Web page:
Healing Tide, the powerful, soulful new album from Albion, Mich.-based husband-and-wife duo The War and Treaty, feels like a wholly unified effort. The complementary voices of Tanya Blount-Trotter and Michael Trotter Jr. seem so concerted that it might come as somewhat of a surprise to learn that Trotter wrote every track on the album alone.
Blount-Trotter is also a songwriter — Trotter says she’s actually the better of the two in that regard — and the two frequently performed one of her works during their 2016 shows. Trotter says they’ll “let a couple slip out of the bag every now and then” — perhaps at their Friday, Oct. 19, stop at The Orange Peel — and he’s “very excited to be able to share some of those songs in time to come.” But when their approach shifted to what Trotter calls “more of this soulful, folk, country kind of sound” and the hyperpersonal mission of The War and Treaty grew clearer, it made sense for him to be the lone songwriter.
“When it comes to where we are at the moment, we have something very targeted that we want to say and we want to speak first from our standpoint, our vantage point,” Trotter says.
They weren’t closed to collaborations, but Trotter had a stockpile of 400-plus songs, some of which he’d written while serving in the U.S. Army during Operation Iraqi Freedom. Other songs chronicled the rejuvenation he experienced after returning home and falling in love with the woman who became his wife. Recording and releasing a tenderloin collection of those creations became their priority. Upon going over the lyrics, producer Buddy Miller agreed that the duo didn’t need to explore co-writing, especially seeing as the songs capture their shared experiences.
“When you see it live, you can see pure honesty because it’s coming from the artist who wrote it,” Trotter says. “Oftentimes, you get a song that’s written by six-10 different folks, and the artist really didn’t have a hand in it, so the artist is doing his best to interpret for someone else. But when it comes to The War and Treaty, for this project I think that it came straight out of our hearts, straight out of our living room conversations, straight out of our love, our arguments, our disagreements. You’re getting everything from the horse’s mouth.”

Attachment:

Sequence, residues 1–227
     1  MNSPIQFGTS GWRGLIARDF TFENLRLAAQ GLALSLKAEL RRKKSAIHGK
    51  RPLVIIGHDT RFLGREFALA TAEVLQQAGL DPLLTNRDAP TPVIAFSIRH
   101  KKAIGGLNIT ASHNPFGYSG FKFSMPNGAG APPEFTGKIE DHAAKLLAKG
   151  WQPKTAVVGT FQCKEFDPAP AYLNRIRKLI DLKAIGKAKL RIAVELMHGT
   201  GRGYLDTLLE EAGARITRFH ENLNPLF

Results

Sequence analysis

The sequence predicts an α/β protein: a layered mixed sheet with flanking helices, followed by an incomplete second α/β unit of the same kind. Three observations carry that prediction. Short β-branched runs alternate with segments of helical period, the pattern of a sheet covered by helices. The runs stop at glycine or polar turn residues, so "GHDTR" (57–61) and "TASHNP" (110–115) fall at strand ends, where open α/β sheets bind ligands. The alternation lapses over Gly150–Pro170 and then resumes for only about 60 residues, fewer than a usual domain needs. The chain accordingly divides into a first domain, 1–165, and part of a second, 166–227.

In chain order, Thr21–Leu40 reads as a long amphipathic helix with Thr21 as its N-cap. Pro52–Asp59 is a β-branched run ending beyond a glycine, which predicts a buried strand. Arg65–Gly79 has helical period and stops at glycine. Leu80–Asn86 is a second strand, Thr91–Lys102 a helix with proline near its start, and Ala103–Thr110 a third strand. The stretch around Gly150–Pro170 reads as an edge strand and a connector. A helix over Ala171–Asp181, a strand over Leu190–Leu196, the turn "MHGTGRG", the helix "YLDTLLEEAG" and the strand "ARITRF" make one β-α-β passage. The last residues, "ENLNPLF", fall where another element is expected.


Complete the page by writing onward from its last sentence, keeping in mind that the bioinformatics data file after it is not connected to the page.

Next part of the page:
In determining who should take the lead on each song, the couple employ what Trotter calls “a formula.” For example, when he heard “Are You Ready to Love Me?” in his head and started writing it out, he waited to see if he heard himself anywhere in it. He never did, but instead heard his wife loud and clear. (“Tanya was so gracious to allow me to sing on the hook, but that was her song,” he says.) Conversely, for “If It’s in Your Heart,” Trotter heard himself throughout the writing process. He kept waiting to hear Blount-Trotter and didn’t, though once it was completed, he suggested she come in at one point with some ad-libbing and “a little bit of vamp,” and she did just that.
“We let the integrity and the honesty of the music speak to us. Our voices are just responding to what the music is already saying,” Trotter says. “And then we have a lot of moments where we hear ourselves — we hear each other. Like, ‘Hearts’ … ‘One and the Same’ and ‘Here Is Where the Loving Is At.’ You will catch us being more inseparable because the music says, ‘I want you to be inseparable here.’”
The latter track features not just the couple’s voices, but that of Emmylou Harris. Trotter says Miller and Harris (the producer’s longtime friend) are both YouTubers who “go down rabbit holes of poor, young struggling artists like The War and Treaty and just watch us and make notes. Then they tell you that they love you, and you realize you’re in the presence of royalty.” In Trotter’s case, the connection resulted in Harris making him “delicious” brownies for his birthday — some of the best he’s ever had — and the revelation of her bashfulness in the studio.
“There is no kind of arrogance in her body, and she has yet to grasp how powerful and how well-known and well-liked and loved she really is,” Trotter says. “Long story short, we weren’t even able to stay in her recording session. She was so nervous — and we were the ones shaking and trembling in our boots because this is the legend herself.”
Though Trotter says “there was nothing on that track she could have done that was wrong,” Harris’ insistence on getting her part right and her overall attitude continue to resonate with him: “To be able to see that kind of humility, but also that kind of shyness still come from the queen of Americana music is powerful and deep within itself.”
WHO: The War and Treaty
WHERE: The Orange Peel, 101 Biltmore Ave., theorangepeel.net
WHEN: Friday, Oct. 19, 8 p.m. $18 standing/$25 seating